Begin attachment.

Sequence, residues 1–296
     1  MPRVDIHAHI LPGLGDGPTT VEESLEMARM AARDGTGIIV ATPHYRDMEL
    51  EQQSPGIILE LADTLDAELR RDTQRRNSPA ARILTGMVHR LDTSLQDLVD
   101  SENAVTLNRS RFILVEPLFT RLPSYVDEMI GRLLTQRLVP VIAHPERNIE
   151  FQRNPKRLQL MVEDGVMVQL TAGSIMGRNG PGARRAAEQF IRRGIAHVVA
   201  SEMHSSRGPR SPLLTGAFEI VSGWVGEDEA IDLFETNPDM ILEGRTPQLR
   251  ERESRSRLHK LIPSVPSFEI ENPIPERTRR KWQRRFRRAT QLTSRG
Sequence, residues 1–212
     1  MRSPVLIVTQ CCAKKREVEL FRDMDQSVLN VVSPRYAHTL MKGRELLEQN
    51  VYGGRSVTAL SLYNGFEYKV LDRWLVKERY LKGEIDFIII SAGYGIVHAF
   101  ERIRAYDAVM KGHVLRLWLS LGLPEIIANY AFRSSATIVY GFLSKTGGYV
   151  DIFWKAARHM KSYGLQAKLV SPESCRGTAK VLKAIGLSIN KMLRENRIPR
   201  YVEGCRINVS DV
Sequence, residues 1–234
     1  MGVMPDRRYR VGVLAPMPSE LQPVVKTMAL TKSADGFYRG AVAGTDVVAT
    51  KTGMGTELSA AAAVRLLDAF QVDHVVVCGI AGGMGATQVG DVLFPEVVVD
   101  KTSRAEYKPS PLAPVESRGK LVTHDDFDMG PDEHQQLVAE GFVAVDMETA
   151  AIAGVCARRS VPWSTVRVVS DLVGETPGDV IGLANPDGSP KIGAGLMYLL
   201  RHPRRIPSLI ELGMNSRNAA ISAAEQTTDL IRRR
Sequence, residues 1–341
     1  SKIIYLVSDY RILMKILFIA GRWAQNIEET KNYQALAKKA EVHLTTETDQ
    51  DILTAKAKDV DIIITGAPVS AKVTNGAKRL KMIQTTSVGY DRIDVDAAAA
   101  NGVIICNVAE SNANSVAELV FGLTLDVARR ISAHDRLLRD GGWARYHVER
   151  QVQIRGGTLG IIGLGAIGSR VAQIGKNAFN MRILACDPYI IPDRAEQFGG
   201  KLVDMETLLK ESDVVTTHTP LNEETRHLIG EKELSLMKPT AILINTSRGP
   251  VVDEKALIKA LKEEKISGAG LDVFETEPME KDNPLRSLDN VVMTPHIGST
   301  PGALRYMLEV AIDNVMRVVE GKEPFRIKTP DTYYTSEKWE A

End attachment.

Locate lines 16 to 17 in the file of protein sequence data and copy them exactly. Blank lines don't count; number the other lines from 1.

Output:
    51  KTGMGTELSA AAAVRLLDAF QVDHVVVCGI AGGMGATQVG DVLFPEVVVD
   101  KTSRAEYKPS PLAPVESRGK LVTHDDFDMG PDEHQQLVAE GFVAVDMETA